Effective use of search engines or: How I became the family tech support guy

You might be surprised how many questions already have answers, simply floating in the internether. As a person who's grown up alongside the world wide web, I've come to rely on internet queries to quickly answer a question or offer instruction. The key to finding this information is to be able to effectively use search engines to navigate the web. For this post, I'll be talking about methods I use for a Google search. If you're using a different engine, your search results may vary. I will also be using square brackets and italics to denote example queries, such as this [ query ] for the word query.

Phrase searching

When you search for a phrase, such as [ which seat should I take ], you may notice that you get a variety of results with the words in any order. While in many cases this is fine, it can also be very helpful to use double quotes in your search to contain a specific phrase. The results will contain the keywords in the exact order. This can be used to find a reference, song lyrics, and is especially useful for finding information on an error message. The query [ "which seat should I take" ]  will give you more specific results.

Site filtering

You can direct your search to look only in a specific website or type of websites by using the site: modifier. Perhaps you got several results for [ throwing a baseball ], but the most relevant of these came from the website pitchers.com. You could specify that Google search only within that website by using [ site:pitchers.com throwing a baseball ]. This will often return more results from that website than you would have seen otherwise, and I've found this especially useful for searching forums and various answers websites.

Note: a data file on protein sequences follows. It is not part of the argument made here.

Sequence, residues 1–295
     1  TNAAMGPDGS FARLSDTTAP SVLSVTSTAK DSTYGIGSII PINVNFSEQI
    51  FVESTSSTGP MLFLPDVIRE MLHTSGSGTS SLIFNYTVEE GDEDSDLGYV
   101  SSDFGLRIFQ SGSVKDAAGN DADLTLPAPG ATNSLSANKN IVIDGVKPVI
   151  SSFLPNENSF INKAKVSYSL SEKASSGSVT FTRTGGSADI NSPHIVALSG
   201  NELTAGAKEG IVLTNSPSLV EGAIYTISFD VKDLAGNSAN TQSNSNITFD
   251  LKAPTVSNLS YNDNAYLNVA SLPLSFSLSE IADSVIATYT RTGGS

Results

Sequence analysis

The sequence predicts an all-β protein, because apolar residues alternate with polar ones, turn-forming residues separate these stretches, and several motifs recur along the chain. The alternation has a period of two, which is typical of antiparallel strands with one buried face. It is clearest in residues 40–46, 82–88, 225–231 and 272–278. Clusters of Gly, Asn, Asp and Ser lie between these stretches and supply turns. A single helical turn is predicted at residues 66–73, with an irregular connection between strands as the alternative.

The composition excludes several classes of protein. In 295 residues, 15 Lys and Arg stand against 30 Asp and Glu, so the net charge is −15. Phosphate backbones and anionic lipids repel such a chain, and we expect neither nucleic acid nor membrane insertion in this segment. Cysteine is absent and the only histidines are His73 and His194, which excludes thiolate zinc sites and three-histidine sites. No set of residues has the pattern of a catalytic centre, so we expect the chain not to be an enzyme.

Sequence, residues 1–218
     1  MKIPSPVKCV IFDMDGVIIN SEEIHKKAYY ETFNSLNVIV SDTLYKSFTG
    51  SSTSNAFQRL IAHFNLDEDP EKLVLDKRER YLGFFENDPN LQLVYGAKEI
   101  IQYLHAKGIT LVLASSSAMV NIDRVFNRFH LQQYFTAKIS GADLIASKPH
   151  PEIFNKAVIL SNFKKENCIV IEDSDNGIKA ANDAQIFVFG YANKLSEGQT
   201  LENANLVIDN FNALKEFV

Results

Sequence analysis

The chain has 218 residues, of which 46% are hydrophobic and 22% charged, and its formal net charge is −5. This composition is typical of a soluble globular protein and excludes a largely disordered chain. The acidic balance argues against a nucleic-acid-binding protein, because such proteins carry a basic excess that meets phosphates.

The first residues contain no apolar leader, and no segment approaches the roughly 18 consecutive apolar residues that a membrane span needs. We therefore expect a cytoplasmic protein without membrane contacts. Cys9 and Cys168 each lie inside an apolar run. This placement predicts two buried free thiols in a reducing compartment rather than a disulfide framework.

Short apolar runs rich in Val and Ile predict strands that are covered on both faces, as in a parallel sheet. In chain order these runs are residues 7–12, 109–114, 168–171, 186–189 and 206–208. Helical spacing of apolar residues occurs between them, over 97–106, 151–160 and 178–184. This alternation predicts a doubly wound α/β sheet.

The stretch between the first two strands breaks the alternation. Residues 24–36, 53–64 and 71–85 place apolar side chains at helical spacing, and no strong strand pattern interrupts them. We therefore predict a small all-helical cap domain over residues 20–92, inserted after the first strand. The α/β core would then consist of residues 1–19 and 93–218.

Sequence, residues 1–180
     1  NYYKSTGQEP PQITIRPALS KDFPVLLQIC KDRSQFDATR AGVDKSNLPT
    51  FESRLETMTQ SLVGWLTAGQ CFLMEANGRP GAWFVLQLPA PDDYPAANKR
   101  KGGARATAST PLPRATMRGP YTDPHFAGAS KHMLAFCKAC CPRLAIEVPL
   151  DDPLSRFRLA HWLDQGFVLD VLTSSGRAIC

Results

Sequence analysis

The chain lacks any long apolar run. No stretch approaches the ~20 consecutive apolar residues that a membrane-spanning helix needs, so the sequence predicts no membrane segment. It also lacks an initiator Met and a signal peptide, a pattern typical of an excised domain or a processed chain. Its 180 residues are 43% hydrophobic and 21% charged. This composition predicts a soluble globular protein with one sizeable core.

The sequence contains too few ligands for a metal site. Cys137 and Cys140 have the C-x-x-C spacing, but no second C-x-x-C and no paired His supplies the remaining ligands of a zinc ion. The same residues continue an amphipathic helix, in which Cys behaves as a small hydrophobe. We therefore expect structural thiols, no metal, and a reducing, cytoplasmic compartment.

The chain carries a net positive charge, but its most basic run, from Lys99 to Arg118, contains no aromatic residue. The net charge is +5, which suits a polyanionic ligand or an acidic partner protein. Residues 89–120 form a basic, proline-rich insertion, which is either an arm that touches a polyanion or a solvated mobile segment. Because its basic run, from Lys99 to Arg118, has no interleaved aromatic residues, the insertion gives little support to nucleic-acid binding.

Term exclusion

The minus sign allows you to filter a search so that results will not include a specific word or phrase. Say you're trying to find information on your old high school buddy [ Peter Parker ], but you're swamped with confusing superhero results. You could search for [ Peter Parker -Spiderman ] to find only pages that do not contain Spiderman.

Capitalization and special characters

Searches will generally ignore capitalization, and most special characters (excluding those with specific purposes for search modification). Searches for [ abe lincoln ] and [ Abe Lincoln ] will return identical results. In the same way, characters such as @#$%^&*()=+[]\ will be ignored. This should help you reduce your worries about formatting when searching.

I hope these tips will help you be able to get the most out of your time searching the web. Keep in mind that this barely scratches the surface of what modern search engines can do, and if you'd like more information on using Google effectively you can read up on it here.

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